A large proportion of debt agreements involve the use of collateral, more specifically the use of equity (ie listed shares) as well as listed government bonds, as security for the repayment of the debt. The provision of collateral usually takes one of two forms, namely a pledge (no transfer of beneficial ownership with no tax implications) or an outright transfer (out and out cession of beneficial ownership with tax implications).
Importantly the event of granting collateral by way of a pledge for securities lending is currently not subject to income tax and securities transfer tax because it does not involve the actual transfer of beneficial ownership. Similarly, the alignment of this tax treatment of collateral lending arrangements was extended in 2015 in respect of the outright transfer of collateral such that no income tax and securities transfer tax implications arise for collateral arrangements for a duration of up to 24 months.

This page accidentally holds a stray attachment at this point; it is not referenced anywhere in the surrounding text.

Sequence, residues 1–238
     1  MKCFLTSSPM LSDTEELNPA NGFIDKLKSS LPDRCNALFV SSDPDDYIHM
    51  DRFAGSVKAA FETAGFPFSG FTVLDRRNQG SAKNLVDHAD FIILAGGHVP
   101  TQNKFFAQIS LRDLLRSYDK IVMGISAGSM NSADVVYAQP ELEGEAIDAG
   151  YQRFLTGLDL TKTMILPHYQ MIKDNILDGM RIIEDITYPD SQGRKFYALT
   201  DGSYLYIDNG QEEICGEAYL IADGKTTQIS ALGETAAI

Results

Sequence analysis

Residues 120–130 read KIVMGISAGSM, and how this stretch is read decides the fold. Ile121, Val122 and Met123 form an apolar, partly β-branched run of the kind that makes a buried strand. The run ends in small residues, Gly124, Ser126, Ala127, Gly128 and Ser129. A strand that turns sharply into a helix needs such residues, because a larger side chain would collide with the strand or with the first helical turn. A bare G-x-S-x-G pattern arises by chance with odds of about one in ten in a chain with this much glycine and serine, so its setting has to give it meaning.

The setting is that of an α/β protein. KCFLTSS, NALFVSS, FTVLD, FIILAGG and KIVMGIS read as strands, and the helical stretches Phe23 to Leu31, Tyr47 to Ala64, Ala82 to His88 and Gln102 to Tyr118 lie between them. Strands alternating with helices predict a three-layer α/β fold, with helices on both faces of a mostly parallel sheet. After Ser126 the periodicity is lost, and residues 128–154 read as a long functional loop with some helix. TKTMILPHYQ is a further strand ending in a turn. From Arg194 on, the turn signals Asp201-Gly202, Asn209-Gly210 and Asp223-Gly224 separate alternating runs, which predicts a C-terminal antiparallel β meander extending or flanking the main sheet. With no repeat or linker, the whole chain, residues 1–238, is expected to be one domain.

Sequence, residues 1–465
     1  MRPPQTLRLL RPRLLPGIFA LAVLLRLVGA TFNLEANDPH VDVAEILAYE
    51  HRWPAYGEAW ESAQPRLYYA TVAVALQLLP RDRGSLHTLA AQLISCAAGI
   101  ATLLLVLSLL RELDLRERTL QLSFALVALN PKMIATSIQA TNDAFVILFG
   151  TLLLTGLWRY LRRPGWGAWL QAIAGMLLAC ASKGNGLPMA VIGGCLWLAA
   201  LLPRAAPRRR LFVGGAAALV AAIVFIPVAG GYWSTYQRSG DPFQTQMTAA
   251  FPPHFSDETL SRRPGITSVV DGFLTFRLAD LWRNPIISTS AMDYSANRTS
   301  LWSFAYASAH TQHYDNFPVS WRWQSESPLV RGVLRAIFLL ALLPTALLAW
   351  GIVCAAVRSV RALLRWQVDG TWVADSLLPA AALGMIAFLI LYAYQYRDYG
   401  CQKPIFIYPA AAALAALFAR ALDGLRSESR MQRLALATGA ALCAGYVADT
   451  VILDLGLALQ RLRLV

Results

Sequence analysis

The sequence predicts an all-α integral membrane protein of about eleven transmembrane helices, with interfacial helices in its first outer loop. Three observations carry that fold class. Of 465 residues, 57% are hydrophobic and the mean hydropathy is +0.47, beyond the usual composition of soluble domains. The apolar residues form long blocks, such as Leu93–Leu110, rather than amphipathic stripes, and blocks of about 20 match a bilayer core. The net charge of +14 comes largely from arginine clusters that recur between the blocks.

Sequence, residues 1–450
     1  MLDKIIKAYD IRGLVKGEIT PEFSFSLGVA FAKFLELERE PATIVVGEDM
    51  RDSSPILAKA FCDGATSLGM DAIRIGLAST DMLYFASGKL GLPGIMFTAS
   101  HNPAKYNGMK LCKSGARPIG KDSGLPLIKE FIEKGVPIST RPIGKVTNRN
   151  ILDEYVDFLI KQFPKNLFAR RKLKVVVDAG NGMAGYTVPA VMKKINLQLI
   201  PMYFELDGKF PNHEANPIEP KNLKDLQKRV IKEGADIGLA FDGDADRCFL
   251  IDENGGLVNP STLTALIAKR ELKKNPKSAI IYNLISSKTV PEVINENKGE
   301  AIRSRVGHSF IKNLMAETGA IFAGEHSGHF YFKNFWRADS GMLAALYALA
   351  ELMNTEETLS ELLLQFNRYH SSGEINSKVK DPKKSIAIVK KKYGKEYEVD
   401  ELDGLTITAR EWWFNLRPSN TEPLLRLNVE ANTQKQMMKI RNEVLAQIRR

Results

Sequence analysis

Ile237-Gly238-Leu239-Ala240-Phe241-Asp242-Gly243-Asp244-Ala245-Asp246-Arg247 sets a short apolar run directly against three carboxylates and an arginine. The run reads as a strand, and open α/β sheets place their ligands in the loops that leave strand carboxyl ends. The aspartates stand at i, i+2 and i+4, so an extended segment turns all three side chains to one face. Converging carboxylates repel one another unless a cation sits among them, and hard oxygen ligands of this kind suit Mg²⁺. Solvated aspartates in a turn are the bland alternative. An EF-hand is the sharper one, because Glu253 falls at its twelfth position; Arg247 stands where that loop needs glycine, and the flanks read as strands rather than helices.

Notwithstanding the recognition of this common business practice in South Africa’s relevant fiscal legislation, the Minister has announced the introduction of further measures to combat certain arrangements which amount to abuse. In particular, it has been identified that foreign shareholders reduce their dividends tax rate to zero by taking out a loan with a South African resident company and using the listed shares as collateral. In this manner, any dividends declared on the listed shares to the resident South African company is tax free on the basis of the dividends tax exemption of dividends declared between two resident companies. Thereafter, in accordance with the collateral agreement, the South African resident company pays an amount (called a manufactured dividend) based on the dividend received by that resident company to that foreign company, free of dividends tax.
While certain anti-avoidance rules already exist in respect of similar arrangements, the Minister has proposed further amendments to the legislation in order to close any loopholes.